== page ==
At the instant of the sudden release of free energy, Big Bang, the only way to expand is to create space and since a process did arise you will have time and therefore a spacetime domain. The three dimensional space arises because that is only that is required to define space, simplicity of nature. I don’t know if it is valid to call it a field yet but the free energy will interact and sphere is of denser energy packets arise, again, because it is the simplest solution (outcome). Hence a growing matrix of these spherical energy packets occurs and at some point will stabilize in size, radius, and this is what I am calling a soliton. It is the coupling between adjacent solitons that define the “particle”. Give space the characteristics we define as particles, Dirac’s mass equations?
This scenario must be very unstable and the spherical packets should collapse, from a well defined sphere with a higher density “wall” it collapse on itself due to the interaction from the adjacent packets and hence creating an attractive force. Then the same interaction the adjacent packets the space will either disintegrate, fuse in the adjacent packets, or build up again into a new spherical packet.
This scenario, creates a field, an attractive force, a geometrical symmetry (since space will expand there must be a point of stability to support the expansion). This scenario also give and energy equation of the simplest form, E= f(x,y,z,t).
Is this the fundamental mechanism which every other field is derived from? Could this be the gravity field, so fundamental that it will require physics well below Planck’s scale to describe it?
Again I apologize for my vague language but idea is been haunting me since I started reading about the Higgs and SUSY and could both be explained with one very simple mechanism.
Ok, let’s see if we can walk before we run.
“I don’t know if it is valid to call it a field yet but the free energy will interact and sphere is of denser energy packets arise, again, because it is the simplest solution (outcome). Hence a growing matrix of these spherical energy packets occurs and at some point will stabilize in size, radius, and this is what I am calling a soliton.”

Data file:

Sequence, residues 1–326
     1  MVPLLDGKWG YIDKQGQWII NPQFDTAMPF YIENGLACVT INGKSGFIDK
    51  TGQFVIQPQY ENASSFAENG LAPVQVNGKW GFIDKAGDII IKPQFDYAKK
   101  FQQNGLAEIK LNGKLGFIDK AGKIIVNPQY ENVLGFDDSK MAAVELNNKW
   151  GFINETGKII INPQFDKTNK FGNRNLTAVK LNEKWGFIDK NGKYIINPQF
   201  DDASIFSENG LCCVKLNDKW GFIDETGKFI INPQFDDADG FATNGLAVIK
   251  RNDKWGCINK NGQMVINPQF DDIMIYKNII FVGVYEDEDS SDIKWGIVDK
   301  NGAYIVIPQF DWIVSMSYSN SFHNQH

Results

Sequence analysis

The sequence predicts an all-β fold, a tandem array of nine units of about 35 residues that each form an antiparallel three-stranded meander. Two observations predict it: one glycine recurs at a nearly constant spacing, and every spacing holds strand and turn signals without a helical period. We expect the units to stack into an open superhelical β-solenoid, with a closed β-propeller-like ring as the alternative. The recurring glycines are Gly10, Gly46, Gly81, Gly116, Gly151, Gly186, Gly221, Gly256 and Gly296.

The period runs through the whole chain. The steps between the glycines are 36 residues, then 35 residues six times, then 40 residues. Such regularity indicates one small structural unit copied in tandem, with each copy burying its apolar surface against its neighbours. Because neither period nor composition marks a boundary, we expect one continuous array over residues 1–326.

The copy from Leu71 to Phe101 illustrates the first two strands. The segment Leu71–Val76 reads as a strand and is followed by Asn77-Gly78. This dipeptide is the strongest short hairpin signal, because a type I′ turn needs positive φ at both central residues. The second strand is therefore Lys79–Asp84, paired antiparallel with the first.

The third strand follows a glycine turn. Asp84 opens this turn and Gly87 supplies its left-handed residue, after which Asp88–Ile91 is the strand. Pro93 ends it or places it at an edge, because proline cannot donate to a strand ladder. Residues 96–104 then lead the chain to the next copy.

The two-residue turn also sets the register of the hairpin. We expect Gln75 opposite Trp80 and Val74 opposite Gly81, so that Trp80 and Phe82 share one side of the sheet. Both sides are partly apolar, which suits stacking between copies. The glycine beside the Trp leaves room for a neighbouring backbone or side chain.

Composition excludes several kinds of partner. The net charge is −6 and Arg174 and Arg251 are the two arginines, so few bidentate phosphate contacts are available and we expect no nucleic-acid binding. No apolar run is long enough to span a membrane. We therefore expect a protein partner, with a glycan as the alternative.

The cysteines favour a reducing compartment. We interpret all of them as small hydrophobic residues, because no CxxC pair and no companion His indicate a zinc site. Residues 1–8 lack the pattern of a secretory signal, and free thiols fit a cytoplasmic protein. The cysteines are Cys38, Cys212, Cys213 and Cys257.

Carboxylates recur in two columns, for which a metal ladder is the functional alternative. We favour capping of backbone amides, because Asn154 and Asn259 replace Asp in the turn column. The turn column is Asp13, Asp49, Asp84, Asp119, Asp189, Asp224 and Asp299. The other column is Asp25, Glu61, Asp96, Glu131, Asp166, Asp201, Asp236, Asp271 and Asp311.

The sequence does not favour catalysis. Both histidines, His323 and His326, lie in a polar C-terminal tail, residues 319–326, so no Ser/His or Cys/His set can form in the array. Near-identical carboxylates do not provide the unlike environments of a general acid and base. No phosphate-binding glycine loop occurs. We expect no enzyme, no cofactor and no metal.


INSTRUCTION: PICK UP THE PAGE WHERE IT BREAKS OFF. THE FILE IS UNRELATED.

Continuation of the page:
So let’s look at when you say “the free energy will interact and sphere is of denser energy packets arise, again, because it is the simplest solution.”
First, the English is problematic; I can’t entirely understand what you are saying because the grammar is off.
Second, my question, when you say “it is the simplest solution”, is “why?”
Since everything that follows depends upon this assumption, let’s see if we can get somewhere by getting this part straight.
Another two digit, good night Wilma.
Matt, “I still have to think this through to understand the implications fully, and will let you know when I do.”
Are you able to tell us more on this now? Is the old Atlas excess for the SM Higgs significantly reduced by this new analysis?
With regard to a fermiophobic Higgs: if there is a Higgs at 125 GeV that is very similar to the SM Higgs in its couplings to W and Z, as suggested by the Tevatron’s evidence for WH and ZH production with H -> bbar, and perhaps supported by CMS’s evidence for pp -> qqH, but the 125 GeV Higgs does not couple to the top, although it perhaps might couple to down-type quarks: won’t this increase the required size of the Yukawa coupling of the top to the other Higgs, that gives the top its mass, because the other Higgs will have to have a relatively small VEV? How much of an increase in that Yukawa coupling could be tolerated, before the model becomes non-perturbative?
I don’t think any theorists believe there can be a fermi-phobic Higgs that has Standard-Model-like couplings to the W and Z, because of the large top quark mass. It’s an archaic idea. But the experimenters did the analysis, so we may as well get some insights from what they learned. My interest wasn’t in the fermi-phobic Higgs itself but in the fact that the way ATLAS did the analysis gives us more insight into how their excess two-photon events are distributed. (Still haven’t had time to look at it carefully.)